“Eight Tips to Protect Your Trade Secrets with Effective Restrictive Covenant Agreements,” IPWatchdog

Articles / Publications

In an article published by IPWatchdog on December 16, 2019, Chip Collins discusses restrictive covenant agreements – a necessary tool for preventing the misappropriation and use of a company’s valuable trade secrets.

According to Collins, trade secret theft is often an inside job, and therefore it is crucial to have employees under at least some form of such an agreement for two reasons. First, both state and federal trade secret statutes require employers to take reasonable steps to protect the secrecy of information sought to be protected under those statutes. Second, restrictive covenant agreements provide employers contractual remedies, over and above the statutory trade secret protections, that can be used to prevent theft and use of a company’s confidential information.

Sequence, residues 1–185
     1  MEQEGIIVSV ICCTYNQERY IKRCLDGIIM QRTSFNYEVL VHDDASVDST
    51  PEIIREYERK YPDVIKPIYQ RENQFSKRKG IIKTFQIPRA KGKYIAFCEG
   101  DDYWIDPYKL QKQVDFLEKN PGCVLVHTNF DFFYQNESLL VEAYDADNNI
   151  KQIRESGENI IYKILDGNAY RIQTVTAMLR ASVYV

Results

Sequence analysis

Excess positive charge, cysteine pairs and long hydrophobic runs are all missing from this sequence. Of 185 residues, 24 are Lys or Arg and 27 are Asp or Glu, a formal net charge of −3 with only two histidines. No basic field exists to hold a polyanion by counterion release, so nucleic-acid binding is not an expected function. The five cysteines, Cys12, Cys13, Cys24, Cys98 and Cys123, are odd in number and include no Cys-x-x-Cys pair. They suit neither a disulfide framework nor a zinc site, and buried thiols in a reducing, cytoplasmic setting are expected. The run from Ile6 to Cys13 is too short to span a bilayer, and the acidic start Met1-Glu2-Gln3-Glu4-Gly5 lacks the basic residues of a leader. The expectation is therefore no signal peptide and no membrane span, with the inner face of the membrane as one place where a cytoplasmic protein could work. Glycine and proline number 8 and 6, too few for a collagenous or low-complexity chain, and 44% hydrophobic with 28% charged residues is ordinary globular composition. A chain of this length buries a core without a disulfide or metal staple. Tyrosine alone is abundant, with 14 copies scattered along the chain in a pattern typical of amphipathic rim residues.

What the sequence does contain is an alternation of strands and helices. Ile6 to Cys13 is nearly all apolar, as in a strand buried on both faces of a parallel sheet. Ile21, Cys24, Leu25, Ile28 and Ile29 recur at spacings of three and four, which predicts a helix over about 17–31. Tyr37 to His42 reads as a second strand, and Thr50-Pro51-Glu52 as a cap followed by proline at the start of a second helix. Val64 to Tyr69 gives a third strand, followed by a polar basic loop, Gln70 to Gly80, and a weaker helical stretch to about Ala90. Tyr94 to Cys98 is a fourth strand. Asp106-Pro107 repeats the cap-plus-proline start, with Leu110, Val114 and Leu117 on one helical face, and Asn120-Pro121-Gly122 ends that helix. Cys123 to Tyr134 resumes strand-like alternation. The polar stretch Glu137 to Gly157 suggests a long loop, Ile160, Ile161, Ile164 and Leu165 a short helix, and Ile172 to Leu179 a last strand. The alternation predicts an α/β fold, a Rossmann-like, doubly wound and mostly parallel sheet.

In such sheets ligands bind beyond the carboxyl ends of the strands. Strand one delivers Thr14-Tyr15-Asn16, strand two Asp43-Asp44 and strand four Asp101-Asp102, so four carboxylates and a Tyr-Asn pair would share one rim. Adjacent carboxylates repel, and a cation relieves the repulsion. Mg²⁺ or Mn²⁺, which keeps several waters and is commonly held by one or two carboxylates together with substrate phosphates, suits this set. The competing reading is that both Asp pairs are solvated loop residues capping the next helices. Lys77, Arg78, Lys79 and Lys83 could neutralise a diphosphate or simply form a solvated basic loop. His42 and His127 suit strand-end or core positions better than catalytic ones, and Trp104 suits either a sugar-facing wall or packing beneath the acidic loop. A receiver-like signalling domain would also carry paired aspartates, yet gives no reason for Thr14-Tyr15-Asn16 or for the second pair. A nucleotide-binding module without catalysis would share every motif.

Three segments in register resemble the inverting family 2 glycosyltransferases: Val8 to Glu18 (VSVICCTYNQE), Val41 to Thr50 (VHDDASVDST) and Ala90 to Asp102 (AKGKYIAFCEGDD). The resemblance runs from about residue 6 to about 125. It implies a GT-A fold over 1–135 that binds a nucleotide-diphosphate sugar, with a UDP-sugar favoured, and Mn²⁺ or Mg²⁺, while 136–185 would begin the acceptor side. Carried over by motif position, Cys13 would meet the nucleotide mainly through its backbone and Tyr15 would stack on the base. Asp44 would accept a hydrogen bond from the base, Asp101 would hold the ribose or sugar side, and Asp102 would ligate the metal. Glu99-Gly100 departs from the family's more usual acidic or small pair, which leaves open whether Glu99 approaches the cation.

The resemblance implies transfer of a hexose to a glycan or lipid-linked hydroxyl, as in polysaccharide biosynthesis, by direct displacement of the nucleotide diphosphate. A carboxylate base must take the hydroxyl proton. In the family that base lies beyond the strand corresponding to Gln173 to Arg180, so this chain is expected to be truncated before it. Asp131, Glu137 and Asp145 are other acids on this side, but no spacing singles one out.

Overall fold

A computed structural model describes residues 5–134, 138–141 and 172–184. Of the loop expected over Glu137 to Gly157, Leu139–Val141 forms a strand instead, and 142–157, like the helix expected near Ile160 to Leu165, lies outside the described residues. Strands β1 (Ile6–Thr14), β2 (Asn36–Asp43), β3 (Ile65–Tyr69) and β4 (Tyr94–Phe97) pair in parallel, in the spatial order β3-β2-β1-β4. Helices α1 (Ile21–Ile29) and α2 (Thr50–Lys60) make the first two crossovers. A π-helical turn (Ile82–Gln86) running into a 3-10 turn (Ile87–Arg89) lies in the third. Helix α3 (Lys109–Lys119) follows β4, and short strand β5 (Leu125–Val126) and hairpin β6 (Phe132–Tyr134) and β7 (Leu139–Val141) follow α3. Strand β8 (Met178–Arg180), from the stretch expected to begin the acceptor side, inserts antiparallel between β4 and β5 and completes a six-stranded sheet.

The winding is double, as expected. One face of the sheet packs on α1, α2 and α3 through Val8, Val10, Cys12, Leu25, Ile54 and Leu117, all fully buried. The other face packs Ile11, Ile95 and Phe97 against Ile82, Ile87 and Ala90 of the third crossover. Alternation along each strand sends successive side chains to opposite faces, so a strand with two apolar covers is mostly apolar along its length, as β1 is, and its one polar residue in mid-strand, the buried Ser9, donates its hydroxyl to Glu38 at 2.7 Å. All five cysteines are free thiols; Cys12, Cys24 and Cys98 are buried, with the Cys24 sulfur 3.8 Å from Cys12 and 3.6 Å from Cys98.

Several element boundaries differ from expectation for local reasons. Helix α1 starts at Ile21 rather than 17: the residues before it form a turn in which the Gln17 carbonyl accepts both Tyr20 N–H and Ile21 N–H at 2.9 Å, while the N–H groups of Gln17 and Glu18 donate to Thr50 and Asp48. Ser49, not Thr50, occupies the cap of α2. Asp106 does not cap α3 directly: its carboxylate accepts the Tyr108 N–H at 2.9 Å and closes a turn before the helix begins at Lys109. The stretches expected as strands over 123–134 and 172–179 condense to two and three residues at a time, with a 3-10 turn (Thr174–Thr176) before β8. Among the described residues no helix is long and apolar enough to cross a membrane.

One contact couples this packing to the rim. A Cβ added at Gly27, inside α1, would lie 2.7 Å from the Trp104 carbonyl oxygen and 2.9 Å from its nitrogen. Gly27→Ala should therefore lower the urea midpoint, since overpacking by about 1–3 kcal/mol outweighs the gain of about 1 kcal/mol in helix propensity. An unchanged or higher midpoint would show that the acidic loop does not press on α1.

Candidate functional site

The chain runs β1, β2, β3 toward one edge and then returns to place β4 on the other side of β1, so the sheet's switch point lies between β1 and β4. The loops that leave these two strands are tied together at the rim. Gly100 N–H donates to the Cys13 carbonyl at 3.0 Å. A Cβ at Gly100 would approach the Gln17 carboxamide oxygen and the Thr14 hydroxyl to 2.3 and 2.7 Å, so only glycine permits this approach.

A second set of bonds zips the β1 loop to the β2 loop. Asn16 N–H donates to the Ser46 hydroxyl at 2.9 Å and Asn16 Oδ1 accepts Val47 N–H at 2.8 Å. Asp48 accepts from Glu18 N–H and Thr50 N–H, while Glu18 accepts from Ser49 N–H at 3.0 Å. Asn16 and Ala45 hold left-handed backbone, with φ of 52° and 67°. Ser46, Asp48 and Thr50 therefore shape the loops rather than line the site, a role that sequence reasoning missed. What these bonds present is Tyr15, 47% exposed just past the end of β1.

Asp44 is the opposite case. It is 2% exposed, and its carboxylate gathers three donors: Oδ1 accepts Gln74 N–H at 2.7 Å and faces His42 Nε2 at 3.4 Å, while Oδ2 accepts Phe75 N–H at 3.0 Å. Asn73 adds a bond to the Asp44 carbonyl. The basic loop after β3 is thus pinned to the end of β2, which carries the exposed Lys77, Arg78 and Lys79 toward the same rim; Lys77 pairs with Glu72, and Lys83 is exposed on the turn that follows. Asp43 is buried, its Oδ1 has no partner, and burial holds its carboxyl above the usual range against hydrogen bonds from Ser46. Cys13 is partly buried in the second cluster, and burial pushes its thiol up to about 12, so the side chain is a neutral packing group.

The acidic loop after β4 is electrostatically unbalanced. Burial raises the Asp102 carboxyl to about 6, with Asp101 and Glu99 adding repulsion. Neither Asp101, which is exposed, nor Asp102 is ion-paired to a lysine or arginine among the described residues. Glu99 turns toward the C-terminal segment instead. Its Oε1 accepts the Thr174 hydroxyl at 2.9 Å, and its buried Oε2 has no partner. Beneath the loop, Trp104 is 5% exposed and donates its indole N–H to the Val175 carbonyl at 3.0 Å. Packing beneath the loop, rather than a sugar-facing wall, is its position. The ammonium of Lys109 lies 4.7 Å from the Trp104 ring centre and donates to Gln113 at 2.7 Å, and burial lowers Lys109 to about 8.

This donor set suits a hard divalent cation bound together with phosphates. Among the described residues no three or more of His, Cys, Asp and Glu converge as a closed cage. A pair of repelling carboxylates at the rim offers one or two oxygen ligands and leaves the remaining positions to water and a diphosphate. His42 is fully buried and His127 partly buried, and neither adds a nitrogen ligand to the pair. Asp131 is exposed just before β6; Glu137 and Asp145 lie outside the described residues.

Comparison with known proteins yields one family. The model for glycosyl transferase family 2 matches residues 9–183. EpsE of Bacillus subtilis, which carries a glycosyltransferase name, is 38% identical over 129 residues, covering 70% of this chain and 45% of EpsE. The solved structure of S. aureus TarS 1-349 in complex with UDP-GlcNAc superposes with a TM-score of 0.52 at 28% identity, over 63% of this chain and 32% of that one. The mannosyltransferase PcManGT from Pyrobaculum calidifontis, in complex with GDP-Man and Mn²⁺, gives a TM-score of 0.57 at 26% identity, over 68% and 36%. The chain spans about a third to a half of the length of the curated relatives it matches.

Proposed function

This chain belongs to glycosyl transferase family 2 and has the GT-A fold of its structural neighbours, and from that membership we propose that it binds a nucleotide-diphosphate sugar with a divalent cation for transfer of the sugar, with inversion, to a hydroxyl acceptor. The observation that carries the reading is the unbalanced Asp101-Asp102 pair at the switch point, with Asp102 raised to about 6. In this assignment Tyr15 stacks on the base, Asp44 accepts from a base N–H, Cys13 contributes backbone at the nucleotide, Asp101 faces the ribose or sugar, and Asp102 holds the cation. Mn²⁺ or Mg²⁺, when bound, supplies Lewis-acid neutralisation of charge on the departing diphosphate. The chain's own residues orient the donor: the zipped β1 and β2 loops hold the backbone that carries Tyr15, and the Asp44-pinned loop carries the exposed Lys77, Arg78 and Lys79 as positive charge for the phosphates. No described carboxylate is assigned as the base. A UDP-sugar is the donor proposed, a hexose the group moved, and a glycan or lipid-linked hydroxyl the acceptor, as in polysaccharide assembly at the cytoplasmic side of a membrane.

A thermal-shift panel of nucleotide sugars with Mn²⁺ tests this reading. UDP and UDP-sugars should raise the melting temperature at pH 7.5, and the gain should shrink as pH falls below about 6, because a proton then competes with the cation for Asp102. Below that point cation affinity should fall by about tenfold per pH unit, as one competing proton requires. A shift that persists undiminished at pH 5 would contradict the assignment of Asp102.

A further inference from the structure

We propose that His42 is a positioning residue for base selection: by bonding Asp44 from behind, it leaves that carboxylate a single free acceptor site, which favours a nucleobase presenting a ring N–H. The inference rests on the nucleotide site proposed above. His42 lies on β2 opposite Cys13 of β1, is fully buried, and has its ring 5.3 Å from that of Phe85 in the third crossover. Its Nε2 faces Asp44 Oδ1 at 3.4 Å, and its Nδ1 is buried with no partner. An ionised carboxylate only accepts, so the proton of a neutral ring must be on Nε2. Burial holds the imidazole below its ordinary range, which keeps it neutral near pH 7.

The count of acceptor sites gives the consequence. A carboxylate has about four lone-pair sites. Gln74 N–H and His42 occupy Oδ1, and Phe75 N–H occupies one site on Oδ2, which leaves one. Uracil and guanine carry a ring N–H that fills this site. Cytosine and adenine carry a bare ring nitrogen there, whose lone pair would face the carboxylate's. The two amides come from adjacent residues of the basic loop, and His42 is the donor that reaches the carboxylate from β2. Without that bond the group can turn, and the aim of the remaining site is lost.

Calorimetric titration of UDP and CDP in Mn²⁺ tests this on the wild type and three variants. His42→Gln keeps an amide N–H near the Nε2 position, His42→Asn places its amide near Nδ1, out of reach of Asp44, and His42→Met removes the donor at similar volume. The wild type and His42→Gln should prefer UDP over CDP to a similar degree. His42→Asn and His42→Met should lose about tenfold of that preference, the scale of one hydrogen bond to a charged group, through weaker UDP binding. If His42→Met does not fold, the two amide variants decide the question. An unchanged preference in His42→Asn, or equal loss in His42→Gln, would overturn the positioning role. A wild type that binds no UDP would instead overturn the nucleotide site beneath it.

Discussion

He outlines a number of key provisions for employers to consider including in their employee agreements to aid in combating unfair competition from trade secret thieves, including nondisclosure, employee duties/conflict of interest, noncompetes, customer nonsolicitation, employee nonsolicitation, garden leave, return of materials, and ownership of created IP.

“Noncompete covenants are the most controversial of restrictive covenants, but also the most effective at preventing unfair use of trade secrets if they’re enforceable (and that’s a big ‘if’ in some states),” Collins emphasizes.

It is imperative for companies to protect their valuable trade secrets. Collins suggests employers work with their attorneys to consider which of the foregoing provisions should be included in the company’s employee agreements to ensure that if a former employee goes rogue, the employer has plenty of options for pursuing justice.

For the full article, click here.

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